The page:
by Emily Carson
Photography Courtesy of Rich Schultz/Getty Images
Miami Marlins pitcher Jose Fernandez, who died in a boating accident last year.
Whenever a celebrity dies, people experience a mixture of emotions. With an actor or a musician, people can remember them by watching or listening to their work; their impact on their community and their craft is praised and analyzed. If their lives were cut short, they are mourned for what they could have shared with the world, taken all too soon.
In many ways, the sports world is the same. The big games, matches and races of athletes are watched again. The mark they leave on their sport and the game is talked about years after they’re gone. And of course, when young players with more talent to give pass away, it is especially tragic.
2016 saw a lot of famous actors and singers pass away and receive huge news coverage. In reality, the perceived uptick in celebrity deaths is just the simple fact that people who became famous in their prime back in the 1960s have reached a vulnerable age and with increased social media coverage, we hear about all kinds of deaths that we might not have before.
Yet, increasingly, we hear about the passing of actors and singers far more than we do the passing of sports players. There are cases where this doesn’t hold up; for example, lots of coverage was given to Muhammad Ali, the heavyweight champion known at one point as “the most famous human on the planet,” after his death following a 32-year battle with Parkinson’s Disease at 74 years old. But in most cases, this statement holds true: celebrities are given more coverage than athletes.
Take the death of Arnold Palmer, who transformed golf, a sport for the everyman, with his style, looks, personality and talent. One of the best golfers of all time, winning seven majors and 62 PGA tours, he passed away at the age of 87 in Pittsburgh last year. Certainly, his death was covered, but not to the extent of a celebrity, and he was not mourned like any of the Hollywood deaths this year.
Or take the death of Jose Fernandez, a 24-year-old star pitcher for the Miami Marlins who died in a drunken boating accident last fall. For an avid baseball fan, news feeds were filled with news of Fernandez for weeks, as though he was a Hollywood celebrity. In the outside world, his death was another sports death; tragic due to the circumstances and his age, but not covered in the way a celebrity might be.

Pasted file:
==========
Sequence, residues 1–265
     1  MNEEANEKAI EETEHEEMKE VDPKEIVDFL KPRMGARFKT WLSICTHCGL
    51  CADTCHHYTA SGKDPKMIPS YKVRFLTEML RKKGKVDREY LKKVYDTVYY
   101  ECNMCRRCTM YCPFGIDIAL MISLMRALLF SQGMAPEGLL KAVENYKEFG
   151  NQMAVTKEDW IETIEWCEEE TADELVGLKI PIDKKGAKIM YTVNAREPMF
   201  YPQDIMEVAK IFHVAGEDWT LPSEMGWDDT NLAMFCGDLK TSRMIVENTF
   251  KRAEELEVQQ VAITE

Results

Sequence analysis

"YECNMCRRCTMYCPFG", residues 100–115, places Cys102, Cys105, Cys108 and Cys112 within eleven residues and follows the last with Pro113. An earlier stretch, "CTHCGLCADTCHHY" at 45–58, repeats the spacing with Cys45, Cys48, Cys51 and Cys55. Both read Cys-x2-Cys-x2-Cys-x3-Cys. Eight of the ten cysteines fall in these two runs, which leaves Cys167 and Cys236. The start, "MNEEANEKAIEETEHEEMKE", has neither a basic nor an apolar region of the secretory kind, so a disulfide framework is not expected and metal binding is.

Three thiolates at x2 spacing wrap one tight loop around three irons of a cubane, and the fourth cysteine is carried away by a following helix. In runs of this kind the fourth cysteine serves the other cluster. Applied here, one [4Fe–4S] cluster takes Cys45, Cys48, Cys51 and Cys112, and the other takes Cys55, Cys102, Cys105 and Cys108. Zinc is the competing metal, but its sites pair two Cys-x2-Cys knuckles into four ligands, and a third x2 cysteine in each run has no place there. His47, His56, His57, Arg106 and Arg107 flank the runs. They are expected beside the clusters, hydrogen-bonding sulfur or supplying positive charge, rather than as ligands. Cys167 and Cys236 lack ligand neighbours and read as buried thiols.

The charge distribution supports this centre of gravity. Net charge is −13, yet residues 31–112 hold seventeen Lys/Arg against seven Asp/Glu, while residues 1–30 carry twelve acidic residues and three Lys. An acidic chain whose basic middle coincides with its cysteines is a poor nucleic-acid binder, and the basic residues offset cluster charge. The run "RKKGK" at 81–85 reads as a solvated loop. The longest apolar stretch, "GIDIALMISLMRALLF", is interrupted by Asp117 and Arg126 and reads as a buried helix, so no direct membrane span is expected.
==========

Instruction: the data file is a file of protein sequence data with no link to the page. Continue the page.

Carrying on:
And those were just the high-profile deaths this year. Coverage for other important athletes, who changed the games they played, was virtually nonexistent.
Simone Schaller, an American hurdler who competed at the 1932 and 1936 Olympic Games, was believed to be the oldest living Olympian prior to her death at age 104. Kenny Sailors, who was credited with inventing the modern-day jump shot in basketball, died of a heart attack at 95. Or Monte Irvin, an outfielder and Hall of Famer who played for the New York Giants and the Chicago Cubs, who was one of the first African-American players in the Major Leagues and the oldest living former Negro League player before his death at 96.
This is not a criticism of news coverage or of our societal values. Sports are complex and can’t be packaged neatly into one little community. The World Sports Encyclopedia recognizes 8,000 sports and sporting games, with 442 of them internationally recognized, making "sports" an umbrella term for thousands of different sub-communities that often have nothing to do with each other.
Basically, just because you love basketball doesn’t mean you watch or even understand football. Even sports fanatics usually have a few key teams that they follow, which doesn’t mean they know anything about every other team and player in the history of the sport, or in other cities than the ones they follow.
One could argue that the number of actors and genres and movies make this comparison invalid, but think about the number of genre crossovers and how many actors work with different actors and directors and on different projects. Even if you haven’t heard of a specific actor, you’ve probably seen something they’ve been in and didn’t know it, or watched a movie or show where you knew all their costars.
The sports world rarely makes those kinds of sports crossovers; athletes usually train for one sport their whole lives, becoming known in that community but not necessarily well-known enough in others (unless, perhaps, you’re Michael Jordan).
Entertainment and sports both provide diverting pastimes and their fans often overlap. We can’t expect a decrease in the volume of coverage that celebrity deaths receive, but we can hope for equal coverage for the amazing athletes that pass, to honor their talents and the way they changed their sport and the world.